If a man wanted to put his best foot forward at the court of Louis XIV, it helped to wear the right shoes. In the seventeenth century, high heels were worn by men and women alike; along with lace, embroidery, and jewels, they were signs of status, not gender. The style is thought to have come to France around 1600 from Persia, where men had long worn heels for practicality’s sake on horseback.
Historians disagree on the Sun King’s height, but it is likely that he favored high heels because they were fashionable, not because he wanted to appear taller. Although he may have been short by modern standards, his sister-in-law, the duchesse d’Orléans, described him as “tall,” while her husband, known as Monsieur, was “quite short.” (Perhaps that is why Monsieur “wore such high-heeled shoes that he seemed mounted always upon stilts,” as the duc de Saint-Simon recorded in his memoirs.)
Red heels—les talons rouges in French—were the ultimate mark of royal distinction. Louis wore the fashionable new style in his coronation portrait of 1654, and he continued to wear them until the end of his life, long past their natural vogue; they can be seen in Hyacinthe Rigaud’s state portrait of the king, painted in 1701. In the early 1670s, Louis made it known that only a select group of noblemen were allowed to wear them at court, one of many instances of the king using fashion as a form of social control. As a result, the former fashion statement became a coveted badge of honor. In contemporary images, courtiers are often posed somewhat awkwardly for the purpose of displaying their red heels, as in Nicolas Arnoult’s Portrait of the Family of the Grand Dauphin (1688).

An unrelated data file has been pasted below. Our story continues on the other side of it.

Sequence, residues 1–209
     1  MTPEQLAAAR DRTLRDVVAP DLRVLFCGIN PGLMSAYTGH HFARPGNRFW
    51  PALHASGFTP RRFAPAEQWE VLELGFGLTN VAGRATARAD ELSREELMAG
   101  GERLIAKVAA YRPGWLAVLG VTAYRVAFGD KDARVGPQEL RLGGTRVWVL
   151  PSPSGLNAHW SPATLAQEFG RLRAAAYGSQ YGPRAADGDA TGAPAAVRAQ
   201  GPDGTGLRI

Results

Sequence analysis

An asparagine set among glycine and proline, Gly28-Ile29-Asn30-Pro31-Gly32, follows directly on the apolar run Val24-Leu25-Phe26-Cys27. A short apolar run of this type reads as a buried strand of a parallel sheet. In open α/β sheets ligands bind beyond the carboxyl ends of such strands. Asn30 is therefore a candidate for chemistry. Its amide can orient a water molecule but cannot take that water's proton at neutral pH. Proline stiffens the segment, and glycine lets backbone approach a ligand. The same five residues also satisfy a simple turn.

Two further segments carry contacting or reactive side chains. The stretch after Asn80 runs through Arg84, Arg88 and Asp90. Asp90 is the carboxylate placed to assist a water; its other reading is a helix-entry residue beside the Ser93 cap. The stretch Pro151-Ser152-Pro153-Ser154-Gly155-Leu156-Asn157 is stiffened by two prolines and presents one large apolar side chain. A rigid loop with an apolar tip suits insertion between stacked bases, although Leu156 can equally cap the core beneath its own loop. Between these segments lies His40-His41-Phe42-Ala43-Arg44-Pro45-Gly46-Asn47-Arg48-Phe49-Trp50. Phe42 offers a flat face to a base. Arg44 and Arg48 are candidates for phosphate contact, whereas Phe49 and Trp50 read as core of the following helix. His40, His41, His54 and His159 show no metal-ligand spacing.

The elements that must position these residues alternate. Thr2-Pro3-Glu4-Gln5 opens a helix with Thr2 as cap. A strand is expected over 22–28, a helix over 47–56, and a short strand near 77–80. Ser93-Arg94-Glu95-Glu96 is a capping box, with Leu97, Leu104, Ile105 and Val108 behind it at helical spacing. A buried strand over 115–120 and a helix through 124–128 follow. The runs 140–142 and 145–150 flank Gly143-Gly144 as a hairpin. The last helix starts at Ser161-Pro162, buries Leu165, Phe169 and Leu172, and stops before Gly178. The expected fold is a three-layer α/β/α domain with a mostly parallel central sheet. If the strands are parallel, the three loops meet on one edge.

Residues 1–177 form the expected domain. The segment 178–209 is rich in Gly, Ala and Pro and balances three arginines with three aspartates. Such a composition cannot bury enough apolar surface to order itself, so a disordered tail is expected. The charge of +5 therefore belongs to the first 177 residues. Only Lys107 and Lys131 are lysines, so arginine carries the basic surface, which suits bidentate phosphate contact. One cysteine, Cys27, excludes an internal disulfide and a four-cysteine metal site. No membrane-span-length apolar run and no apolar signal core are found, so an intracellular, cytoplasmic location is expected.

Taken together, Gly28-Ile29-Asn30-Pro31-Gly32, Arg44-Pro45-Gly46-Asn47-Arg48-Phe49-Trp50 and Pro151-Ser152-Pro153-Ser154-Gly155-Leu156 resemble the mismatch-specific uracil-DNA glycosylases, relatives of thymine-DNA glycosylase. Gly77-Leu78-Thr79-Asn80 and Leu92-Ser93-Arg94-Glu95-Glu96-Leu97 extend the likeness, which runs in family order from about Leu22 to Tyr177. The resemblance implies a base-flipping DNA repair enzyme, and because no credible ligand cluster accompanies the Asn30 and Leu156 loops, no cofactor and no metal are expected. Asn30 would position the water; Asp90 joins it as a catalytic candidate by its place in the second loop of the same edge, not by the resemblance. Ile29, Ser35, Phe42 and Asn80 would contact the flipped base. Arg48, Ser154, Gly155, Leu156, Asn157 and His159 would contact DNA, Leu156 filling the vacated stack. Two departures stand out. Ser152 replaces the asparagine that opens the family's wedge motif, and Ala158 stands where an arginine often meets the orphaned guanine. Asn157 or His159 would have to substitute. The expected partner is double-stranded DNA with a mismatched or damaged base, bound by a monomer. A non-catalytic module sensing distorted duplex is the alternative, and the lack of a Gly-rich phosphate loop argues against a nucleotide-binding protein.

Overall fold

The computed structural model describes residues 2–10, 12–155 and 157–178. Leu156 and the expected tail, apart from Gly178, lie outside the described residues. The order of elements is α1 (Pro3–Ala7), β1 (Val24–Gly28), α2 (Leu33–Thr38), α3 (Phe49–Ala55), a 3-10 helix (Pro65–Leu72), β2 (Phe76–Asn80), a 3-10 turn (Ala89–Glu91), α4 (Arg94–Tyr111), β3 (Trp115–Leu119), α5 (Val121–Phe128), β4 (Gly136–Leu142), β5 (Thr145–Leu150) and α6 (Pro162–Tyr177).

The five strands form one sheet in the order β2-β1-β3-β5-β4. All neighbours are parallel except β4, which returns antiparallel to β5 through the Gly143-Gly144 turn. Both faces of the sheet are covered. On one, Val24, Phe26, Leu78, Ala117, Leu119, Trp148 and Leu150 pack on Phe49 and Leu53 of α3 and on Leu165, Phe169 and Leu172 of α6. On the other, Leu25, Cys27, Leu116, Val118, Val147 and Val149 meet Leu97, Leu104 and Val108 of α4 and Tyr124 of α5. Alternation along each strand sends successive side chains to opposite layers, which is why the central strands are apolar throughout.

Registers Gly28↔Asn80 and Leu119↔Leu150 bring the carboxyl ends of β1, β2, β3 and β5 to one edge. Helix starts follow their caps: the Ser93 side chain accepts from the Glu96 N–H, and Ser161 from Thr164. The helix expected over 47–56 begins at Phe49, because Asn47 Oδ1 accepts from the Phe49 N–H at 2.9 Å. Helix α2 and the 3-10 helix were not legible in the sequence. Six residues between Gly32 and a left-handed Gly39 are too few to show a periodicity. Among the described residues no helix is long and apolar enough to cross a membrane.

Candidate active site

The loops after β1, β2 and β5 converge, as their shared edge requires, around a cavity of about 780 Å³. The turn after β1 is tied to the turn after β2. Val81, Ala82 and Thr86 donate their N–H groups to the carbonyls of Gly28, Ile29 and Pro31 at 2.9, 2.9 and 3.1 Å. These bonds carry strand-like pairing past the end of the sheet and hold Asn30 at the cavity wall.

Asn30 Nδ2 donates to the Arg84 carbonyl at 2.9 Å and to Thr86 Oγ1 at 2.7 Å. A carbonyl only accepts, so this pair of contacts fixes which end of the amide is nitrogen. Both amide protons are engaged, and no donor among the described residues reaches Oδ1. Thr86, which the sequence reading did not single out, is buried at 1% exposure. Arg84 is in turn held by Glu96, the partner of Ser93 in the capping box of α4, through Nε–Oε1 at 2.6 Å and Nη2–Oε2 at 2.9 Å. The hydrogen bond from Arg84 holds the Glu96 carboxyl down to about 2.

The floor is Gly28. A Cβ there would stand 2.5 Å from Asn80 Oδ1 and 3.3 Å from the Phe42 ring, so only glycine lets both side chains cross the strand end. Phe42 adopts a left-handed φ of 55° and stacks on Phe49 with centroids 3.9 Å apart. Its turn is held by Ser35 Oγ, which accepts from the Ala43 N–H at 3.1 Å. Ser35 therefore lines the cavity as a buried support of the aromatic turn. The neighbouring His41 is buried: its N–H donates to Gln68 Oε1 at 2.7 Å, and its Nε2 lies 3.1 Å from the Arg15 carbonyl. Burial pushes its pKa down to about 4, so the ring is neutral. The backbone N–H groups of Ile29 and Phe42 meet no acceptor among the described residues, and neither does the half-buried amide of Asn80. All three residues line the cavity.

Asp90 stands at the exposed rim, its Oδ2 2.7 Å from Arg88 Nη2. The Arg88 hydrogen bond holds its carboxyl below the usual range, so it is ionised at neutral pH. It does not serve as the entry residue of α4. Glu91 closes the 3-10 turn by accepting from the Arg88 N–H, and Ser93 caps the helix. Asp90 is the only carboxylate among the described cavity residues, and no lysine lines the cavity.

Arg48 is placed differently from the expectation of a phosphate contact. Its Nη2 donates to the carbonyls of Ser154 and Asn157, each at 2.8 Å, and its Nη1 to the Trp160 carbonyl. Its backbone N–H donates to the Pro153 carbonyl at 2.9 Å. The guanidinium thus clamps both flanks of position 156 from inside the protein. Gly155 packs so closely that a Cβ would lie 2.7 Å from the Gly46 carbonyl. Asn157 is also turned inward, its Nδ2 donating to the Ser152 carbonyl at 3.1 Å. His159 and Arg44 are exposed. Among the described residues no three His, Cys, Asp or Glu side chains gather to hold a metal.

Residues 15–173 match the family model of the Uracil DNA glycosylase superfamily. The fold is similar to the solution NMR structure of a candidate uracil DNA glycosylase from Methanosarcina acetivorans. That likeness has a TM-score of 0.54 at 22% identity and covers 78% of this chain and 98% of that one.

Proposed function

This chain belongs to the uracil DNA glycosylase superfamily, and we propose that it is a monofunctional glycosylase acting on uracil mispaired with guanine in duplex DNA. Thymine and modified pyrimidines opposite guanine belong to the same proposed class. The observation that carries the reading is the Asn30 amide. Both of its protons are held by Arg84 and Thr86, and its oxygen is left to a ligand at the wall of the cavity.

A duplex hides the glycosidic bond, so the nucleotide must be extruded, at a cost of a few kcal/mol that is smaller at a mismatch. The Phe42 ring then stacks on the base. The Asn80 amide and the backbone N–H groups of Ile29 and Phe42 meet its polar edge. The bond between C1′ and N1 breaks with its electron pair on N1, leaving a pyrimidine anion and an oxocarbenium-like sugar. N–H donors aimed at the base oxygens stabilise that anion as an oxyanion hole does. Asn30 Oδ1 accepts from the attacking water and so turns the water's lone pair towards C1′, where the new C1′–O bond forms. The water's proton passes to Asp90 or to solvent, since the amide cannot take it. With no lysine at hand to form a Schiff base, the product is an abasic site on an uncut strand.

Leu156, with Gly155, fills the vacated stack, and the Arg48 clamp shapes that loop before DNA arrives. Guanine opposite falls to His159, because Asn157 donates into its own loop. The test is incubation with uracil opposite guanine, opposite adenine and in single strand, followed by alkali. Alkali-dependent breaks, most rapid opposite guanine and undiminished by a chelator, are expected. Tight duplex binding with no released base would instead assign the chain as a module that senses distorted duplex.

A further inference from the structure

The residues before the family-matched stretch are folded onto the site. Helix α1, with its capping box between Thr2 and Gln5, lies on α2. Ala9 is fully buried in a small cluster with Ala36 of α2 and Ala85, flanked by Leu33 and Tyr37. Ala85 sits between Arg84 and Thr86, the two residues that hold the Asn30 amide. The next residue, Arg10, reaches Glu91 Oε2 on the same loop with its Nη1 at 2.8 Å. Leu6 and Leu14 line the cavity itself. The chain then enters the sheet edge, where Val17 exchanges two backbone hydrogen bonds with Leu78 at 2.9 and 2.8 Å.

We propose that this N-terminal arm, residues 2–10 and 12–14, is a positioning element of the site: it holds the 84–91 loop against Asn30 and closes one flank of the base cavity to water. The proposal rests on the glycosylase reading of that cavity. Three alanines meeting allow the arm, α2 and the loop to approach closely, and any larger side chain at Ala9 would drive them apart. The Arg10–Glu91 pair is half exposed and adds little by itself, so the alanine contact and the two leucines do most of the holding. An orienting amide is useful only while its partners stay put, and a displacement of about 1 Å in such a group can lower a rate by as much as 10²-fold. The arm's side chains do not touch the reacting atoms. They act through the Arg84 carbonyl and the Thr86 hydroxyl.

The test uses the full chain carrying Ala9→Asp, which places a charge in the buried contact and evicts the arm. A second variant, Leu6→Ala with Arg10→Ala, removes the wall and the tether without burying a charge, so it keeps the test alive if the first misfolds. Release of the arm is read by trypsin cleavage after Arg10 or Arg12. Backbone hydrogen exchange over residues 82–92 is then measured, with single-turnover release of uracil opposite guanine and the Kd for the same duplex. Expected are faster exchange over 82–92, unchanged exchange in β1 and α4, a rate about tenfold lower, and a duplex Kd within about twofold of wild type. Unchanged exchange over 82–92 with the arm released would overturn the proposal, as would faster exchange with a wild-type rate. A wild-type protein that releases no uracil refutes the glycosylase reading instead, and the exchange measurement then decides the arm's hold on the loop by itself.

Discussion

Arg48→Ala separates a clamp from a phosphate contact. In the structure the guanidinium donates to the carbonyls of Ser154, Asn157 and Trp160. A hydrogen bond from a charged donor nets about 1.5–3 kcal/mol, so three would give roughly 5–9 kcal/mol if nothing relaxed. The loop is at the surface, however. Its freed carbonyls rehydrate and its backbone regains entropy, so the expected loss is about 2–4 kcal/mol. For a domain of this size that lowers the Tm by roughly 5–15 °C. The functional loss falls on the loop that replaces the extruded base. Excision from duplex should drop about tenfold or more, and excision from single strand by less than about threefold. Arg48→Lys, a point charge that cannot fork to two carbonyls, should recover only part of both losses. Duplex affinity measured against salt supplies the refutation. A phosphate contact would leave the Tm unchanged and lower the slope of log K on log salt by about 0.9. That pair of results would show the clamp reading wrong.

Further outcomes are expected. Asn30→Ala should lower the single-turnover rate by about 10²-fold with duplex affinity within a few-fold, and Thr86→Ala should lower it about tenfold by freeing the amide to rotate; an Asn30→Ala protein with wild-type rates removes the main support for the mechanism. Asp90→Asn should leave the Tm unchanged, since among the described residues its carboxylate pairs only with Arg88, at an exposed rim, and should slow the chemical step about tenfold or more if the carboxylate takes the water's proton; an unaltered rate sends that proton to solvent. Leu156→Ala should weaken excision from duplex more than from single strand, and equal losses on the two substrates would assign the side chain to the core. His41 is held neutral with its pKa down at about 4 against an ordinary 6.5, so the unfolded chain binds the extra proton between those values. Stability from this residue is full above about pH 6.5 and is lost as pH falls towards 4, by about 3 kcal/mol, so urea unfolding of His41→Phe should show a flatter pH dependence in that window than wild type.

Fancy footwear was an efficient barometer of royal favor. In Antoine Trouvain’s Third Apartment, only the king and the comte de Toulouse, in the foreground, wear them. (It is the hat rather than the shoes that sets the king apart; no one would dare wear one in his presence.) It was not long before pied plat—“flatfoot”—became slang for a man of low birth, while the haughty, privileged young men of the court were nicknamed les talons rouges.
Red heels continued to be worn at court even after Louis died and men’s heels grew lower, following the progression of fashion. They could be seen at Versailles until the French Revolution of 1789, by which time they had spread to other European courts. Red heels are still worn today by the British royal pages in the Order of the Garter procession and the State Opening of Parliament. But no one has managed to fill the Sun King’s stylish shoes.
Hear Kimberly Chrisman-Campbell discuss Louis XIV and the art of fashion in a free talk at the Getty Center on Sunday, August 23, 2015, offered in conjunction with the exhibition A Kingdom of Images: French Prints in the Age of Louis XIV, 1660–1715.
Text of this post © Kimberly Chrisman Campbell. All rights reserved.